How to Spot Greenwashing
There’s a lot of buzz around the words sustainable, ethical, natural, and environmentally friendly. With more focus and demand for sustainable practices, less sustainable companies are capitalizing on a decades old marketing tactic —greenwashing.
Greenwashing convinces consumers that the product they’re buying is environmentally forward when it isn’t. Although it’s been around longer, the term was coined back in 1986 by New York environmentalist Jay Westervel. Jay wrote an essay about the hotel industry’s practice of leaving cards in guest bathrooms, asking clients to be more environmentally minded and save water by reusing towels and linens. He argued that companies were presenting themselves as environmentally forward, all the while engaging in unsustainable practices. And so we have greenwashing.
Greenwashing is easy to spot once you’re aware of the tactics, which we’ve all fallen for at least once. To save you some of the frustration we’ve been through, here are five ways to spot greenwashing.
Beware of packaging.
Particularly the colour green, which our eco-conscious minds will naturally gravitate towards...and they know it. See the colour of the packaging as an invitation to look deeper and read about the product. It might actually be sustainable, or it might be a marketing ploy.
Some companies use eco-friendly packaging as a form of greenwashing. Recyclable and compostable packaging is great. But it doesn’t mean much if it’s coming from a company that’s mass-producing cheaply made clothes overseas. When it’s attached to unethical practices, it’s not sustainable.
Look out for buzzwords.
Sustainable, natural, farm-fresh, eco-friendly, green, vegan, and consciously made all catch the attention of the eco-conscious consumer. You can spin any word to mean anything. Vegan doesn’t mean environmentally friendly. Natural doesn’t always mean sustainable. And of course that t-shirt was made “consciously” by definition. Keep an eye out for what a company is claiming and check to see if their actions are lining up with their words.
Read the labels.
If you’re pulled in by earthy tones and earthy words, look deeper to see what’s actually going on before you buy it. Greenwashers know exactly how to set the bait for an eco-friendly, conscious, sustainable, all-natural, farm-fresh individual... 😉. Scour that product to make sure it is legit.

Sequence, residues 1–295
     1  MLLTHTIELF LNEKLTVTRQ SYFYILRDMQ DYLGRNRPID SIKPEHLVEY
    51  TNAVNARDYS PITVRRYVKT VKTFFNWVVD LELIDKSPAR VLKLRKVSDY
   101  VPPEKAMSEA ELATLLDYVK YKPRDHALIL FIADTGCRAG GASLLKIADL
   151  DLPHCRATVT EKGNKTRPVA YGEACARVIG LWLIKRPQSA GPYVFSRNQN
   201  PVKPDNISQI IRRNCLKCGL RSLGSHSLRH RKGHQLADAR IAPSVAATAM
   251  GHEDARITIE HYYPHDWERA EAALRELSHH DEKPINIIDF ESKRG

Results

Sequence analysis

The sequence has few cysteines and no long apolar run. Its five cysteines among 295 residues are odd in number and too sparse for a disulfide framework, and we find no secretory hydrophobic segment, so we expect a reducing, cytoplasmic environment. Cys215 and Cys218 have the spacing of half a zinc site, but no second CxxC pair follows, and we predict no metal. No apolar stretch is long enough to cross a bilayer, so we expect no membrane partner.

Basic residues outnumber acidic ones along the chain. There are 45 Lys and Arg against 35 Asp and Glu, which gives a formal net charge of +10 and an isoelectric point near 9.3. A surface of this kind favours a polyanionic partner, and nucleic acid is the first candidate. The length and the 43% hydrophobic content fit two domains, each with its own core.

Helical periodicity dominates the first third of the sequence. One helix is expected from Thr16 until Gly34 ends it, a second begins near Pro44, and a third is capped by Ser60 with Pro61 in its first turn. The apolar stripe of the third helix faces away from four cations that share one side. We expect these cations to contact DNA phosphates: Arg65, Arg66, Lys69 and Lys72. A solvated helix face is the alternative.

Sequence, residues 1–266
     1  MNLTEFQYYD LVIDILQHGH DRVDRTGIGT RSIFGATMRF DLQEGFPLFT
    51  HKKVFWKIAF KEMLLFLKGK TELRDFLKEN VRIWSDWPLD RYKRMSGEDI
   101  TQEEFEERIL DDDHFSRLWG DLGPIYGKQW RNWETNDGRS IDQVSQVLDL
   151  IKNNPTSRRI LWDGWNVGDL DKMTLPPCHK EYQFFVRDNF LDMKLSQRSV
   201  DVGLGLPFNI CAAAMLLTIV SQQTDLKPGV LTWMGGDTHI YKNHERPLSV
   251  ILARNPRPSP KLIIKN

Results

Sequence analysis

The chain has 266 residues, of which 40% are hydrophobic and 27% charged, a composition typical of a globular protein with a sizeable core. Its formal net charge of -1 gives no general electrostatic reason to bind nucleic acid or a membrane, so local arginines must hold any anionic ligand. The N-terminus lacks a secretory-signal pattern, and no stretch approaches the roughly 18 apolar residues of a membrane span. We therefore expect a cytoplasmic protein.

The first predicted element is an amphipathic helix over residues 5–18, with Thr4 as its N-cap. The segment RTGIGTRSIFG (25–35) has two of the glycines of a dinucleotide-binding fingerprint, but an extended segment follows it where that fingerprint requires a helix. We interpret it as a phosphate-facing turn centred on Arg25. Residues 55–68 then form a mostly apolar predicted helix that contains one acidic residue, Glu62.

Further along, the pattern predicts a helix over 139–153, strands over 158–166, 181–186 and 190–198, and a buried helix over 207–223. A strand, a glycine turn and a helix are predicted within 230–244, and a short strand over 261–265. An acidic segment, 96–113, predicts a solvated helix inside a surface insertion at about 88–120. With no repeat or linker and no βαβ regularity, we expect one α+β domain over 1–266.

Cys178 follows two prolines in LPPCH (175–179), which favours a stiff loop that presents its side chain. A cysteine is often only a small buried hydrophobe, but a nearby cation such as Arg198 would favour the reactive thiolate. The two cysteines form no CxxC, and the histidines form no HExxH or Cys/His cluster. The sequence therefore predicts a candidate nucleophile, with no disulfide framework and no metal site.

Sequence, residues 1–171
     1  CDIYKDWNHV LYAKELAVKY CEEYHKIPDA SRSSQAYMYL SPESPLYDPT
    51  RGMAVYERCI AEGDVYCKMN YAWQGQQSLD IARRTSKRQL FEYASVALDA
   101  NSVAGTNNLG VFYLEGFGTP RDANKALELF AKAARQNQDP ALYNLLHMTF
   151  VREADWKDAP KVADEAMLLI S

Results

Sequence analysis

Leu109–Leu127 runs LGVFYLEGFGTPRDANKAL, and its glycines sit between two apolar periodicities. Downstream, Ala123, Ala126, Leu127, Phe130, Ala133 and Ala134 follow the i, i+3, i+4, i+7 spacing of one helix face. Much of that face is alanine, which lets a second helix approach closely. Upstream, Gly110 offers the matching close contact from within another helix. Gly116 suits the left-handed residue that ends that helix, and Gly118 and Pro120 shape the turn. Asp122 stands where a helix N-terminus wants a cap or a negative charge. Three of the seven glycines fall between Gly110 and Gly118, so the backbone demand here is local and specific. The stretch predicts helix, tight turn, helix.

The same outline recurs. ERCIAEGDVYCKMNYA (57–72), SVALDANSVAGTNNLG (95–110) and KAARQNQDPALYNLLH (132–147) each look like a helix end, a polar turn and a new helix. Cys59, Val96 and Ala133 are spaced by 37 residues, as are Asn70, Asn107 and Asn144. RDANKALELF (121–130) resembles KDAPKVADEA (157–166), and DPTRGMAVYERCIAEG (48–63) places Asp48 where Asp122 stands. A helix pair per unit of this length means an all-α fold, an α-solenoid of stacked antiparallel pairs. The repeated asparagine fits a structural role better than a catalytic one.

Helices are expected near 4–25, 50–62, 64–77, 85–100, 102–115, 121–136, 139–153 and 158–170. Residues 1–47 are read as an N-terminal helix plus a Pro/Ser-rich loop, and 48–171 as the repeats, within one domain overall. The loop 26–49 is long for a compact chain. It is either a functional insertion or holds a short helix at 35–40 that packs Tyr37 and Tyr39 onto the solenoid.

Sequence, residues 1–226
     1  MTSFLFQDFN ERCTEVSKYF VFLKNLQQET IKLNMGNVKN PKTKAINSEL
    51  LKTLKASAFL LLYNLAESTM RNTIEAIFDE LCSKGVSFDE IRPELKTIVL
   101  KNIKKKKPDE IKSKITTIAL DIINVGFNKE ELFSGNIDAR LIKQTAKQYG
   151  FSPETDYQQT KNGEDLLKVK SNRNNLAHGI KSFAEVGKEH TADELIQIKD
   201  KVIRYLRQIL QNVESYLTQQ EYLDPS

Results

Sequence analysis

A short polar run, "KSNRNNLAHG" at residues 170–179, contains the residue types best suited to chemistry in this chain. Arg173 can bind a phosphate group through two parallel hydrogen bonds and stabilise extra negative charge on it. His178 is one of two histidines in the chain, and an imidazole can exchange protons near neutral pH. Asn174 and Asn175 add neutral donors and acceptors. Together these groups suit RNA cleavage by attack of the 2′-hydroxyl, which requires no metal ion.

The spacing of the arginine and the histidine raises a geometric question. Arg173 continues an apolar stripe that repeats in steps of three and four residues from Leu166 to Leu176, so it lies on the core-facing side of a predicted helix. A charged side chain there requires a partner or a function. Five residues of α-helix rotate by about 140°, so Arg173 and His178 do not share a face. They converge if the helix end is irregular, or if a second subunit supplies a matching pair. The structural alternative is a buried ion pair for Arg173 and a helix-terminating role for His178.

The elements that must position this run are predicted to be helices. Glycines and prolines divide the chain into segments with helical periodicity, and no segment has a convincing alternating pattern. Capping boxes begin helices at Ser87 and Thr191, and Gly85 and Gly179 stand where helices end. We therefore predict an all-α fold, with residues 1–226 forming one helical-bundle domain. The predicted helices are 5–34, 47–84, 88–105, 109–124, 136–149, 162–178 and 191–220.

Look for certifications.
If there’s a lot of talk and no transparency, take that as a red flag. We see this in fast fashion all the time. Companies have a “conscious clothing” line, but they won’t put their practices out in the open. When a brand truly cares about their environmental impact, they’ll show more than buzzwords on labels. They’ll talk about their practices and their goals. They’ll have certifications in place or will be moving towards getting them.
Some certifications to look for:
It is important to note that certifications are expensive and not all sustainable businesses are able to get them. A lack of certification doesn’t always mean that the company is greenwashing. If you’re curious, contact the company. Many will be happy to talk about their practices.
Trust your instincts.
If something feels off, trust your instincts then follow up with some research. Often when it feels too good to be true, it is. Our gut is the best guide.
The more greenwashing we see, the more it proves that ethical and sustainable products are being demanded. We are here to support true sustainable practices and have no shame in calling out misleading marketing tactics. During the process of wading through greenwashing, we’ll become more intentional consumers and learn how to help others be their best sustainable selves.
Jade is a writer, potter, and gardener living in a sleepy town in Northern Ontario. They love growing food, creating functional stoneware, and hermiting with a book as much as possible.